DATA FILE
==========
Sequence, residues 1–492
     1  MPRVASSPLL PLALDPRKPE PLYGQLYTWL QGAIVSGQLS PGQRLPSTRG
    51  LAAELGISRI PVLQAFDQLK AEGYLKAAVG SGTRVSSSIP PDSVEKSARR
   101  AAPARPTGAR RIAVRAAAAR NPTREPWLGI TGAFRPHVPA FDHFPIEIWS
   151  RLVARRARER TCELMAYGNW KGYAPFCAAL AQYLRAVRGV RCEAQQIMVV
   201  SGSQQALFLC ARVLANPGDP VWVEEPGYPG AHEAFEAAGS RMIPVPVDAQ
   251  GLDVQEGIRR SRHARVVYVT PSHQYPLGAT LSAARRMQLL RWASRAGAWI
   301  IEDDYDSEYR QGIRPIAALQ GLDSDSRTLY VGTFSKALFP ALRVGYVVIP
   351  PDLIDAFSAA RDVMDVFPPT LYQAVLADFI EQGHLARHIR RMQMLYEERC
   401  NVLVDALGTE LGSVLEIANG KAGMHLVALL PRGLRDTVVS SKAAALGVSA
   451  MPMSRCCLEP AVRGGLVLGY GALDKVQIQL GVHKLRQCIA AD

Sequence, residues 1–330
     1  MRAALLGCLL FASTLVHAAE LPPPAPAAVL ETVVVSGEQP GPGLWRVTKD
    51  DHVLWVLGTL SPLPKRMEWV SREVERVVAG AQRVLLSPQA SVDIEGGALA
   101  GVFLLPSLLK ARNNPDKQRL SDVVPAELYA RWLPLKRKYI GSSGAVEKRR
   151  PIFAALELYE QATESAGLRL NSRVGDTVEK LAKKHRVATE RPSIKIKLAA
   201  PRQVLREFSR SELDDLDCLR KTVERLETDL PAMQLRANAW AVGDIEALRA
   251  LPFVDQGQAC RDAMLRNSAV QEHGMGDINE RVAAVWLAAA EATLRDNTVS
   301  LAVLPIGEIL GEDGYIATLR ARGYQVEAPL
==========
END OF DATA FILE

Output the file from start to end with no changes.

Sequence, residues 1–492
     1  MPRVASSPLL PLALDPRKPE PLYGQLYTWL QGAIVSGQLS PGQRLPSTRG
    51  LAAELGISRI PVLQAFDQLK AEGYLKAAVG SGTRVSSSIP PDSVEKSARR
   101  AAPARPTGAR RIAVRAAAAR NPTREPWLGI TGAFRPHVPA FDHFPIEIWS
   151  RLVARRARER TCELMAYGNW KGYAPFCAAL AQYLRAVRGV RCEAQQIMVV
   201  SGSQQALFLC ARVLANPGDP VWVEEPGYPG AHEAFEAAGS RMIPVPVDAQ
   251  GLDVQEGIRR SRHARVVYVT PSHQYPLGAT LSAARRMQLL RWASRAGAWI
   301  IEDDYDSEYR QGIRPIAALQ GLDSDSRTLY VGTFSKALFP ALRVGYVVIP
   351  PDLIDAFSAA RDVMDVFPPT LYQAVLADFI EQGHLARHIR RMQMLYEERC
   401  NVLVDALGTE LGSVLEIANG KAGMHLVALL PRGLRDTVVS SKAAALGVSA
   451  MPMSRCCLEP AVRGGLVLGY GALDKVQIQL GVHKLRQCIA AD

Sequence, residues 1–330
     1  MRAALLGCLL FASTLVHAAE LPPPAPAAVL ETVVVSGEQP GPGLWRVTKD
    51  DHVLWVLGTL SPLPKRMEWV SREVERVVAG AQRVLLSPQA SVDIEGGALA
   101  GVFLLPSLLK ARNNPDKQRL SDVVPAELYA RWLPLKRKYI GSSGAVEKRR
   151  PIFAALELYE QATESAGLRL NSRVGDTVEK LAKKHRVATE RPSIKIKLAA
   201  PRQVLREFSR SELDDLDCLR KTVERLETDL PAMQLRANAW AVGDIEALRA
   251  LPFVDQGQAC RDAMLRNSAV QEHGMGDINE RVAAVWLAAA EATLRDNTVS
   301  LAVLPIGEIL GEDGYIATLR ARGYQVEAPL